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Effect of Temperature on Clopyralid Safety in Strawberry

Published online by Cambridge University Press:  02 February 2018

Shaun M. Sharpe
Affiliation:
Graduate Student, Gulf Coast Research and Education Center, Horticultural Sciences Department, University of Florida, Wimauma, FL, USA
Nathan S. Boyd
Affiliation:
Associate Professor, Gulf Coast Research and Education Center, Horticultural Sciences Department, University of Florida, Wimauma, FL, USA
Peter J. Dittmar
Affiliation:
Assistant Professor, Horticultural Sciences Department, University of Florida, Gainesville, FL, USA
Greg E. MacDonald
Affiliation:
Professor, Agronomy Department, University of Florida, Gainesville, FL, USA
Rebecca L. Darnell
Affiliation:
Professor, Horticultural Sciences Department, University of Florida, Gainesville, FL, USA
Corresponding
E-mail address:

Abstract

Strawberry is an important horticultural crop in Florida. The long growing season and escapes from fumigation and PRE herbicides necessitate POST weed management to maximize harvest potential and efficiency. Alternatives to hand-weeding are desirable, but clopyralid is the only broadleaf herbicide registered for use. Weed control may be improved by early-season clopyralid applications, but at risk of high temperature and increased strawberry injury. The effect of temperature on clopyralid safety on strawberry is unknown. We undertook a growth chamber experiment using a completely randomized design to determine crop safety under various temperature conditions across acclimation, herbicide application, and post-application periods. There was no effect of clopyralid on the number of strawberry leaves across all temperatures. Damage to the strawberry manifested as leaf malformations. Acclimation temperatures affected clopyralid-associated injury (p=0.0309), with increased leaf malformations at higher temperatures (27 C) compared to lower (18 C) temperatures. Pre-treatment temperatures did not affect clopyralid injury. Post-application temperature also affected clopyralid injury (p=0.0161), with increased leaf malformations at higher temperatures compared to lower ones. Clopyralid application did not reduce flowering or biomass production in the growth chamber. If leaf malformations are to be avoided, consideration to growing conditions prior to application is advisable, especially if applying clopyralid early in the season.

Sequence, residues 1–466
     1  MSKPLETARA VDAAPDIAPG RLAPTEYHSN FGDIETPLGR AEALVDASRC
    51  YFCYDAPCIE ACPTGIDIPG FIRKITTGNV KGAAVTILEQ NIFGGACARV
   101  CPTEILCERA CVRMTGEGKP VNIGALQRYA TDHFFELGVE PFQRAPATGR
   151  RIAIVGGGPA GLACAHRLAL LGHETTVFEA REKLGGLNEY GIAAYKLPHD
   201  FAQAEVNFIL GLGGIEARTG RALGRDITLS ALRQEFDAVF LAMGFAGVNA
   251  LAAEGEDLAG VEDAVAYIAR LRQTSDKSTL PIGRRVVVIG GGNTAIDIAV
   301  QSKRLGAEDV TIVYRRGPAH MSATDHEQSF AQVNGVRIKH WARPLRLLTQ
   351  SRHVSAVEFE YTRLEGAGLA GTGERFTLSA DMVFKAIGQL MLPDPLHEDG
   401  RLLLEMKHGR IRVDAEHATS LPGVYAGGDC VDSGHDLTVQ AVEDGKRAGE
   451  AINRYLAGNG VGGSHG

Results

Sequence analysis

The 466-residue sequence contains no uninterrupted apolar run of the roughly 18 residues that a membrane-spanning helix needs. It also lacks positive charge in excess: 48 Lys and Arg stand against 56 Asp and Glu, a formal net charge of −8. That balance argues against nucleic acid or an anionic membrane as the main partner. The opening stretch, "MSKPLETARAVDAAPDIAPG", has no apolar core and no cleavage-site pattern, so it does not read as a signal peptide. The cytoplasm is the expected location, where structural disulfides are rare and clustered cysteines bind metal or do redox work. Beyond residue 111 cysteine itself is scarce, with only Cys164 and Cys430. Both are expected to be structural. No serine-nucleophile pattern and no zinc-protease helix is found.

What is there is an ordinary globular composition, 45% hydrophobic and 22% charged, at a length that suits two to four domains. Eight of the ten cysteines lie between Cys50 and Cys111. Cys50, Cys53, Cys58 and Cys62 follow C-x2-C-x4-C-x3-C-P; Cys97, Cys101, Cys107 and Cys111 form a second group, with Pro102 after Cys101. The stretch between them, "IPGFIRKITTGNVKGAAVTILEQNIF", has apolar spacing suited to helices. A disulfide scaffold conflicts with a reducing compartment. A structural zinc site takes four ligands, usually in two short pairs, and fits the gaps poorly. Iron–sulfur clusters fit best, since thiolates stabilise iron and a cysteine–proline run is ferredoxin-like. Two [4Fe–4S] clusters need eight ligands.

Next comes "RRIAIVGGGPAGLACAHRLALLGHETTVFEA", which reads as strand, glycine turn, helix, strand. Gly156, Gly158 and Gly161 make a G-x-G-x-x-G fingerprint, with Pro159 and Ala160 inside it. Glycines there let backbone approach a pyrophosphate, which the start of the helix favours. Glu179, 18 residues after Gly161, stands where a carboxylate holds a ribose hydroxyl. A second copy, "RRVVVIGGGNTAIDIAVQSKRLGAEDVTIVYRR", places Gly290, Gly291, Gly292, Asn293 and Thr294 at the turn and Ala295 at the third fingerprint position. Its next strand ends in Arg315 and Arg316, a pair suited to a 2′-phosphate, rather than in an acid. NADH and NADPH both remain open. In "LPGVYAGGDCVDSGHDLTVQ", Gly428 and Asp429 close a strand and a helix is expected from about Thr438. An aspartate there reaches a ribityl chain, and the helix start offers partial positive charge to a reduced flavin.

Type
Note
Copyright
© Weed Science Society of America, 2018 

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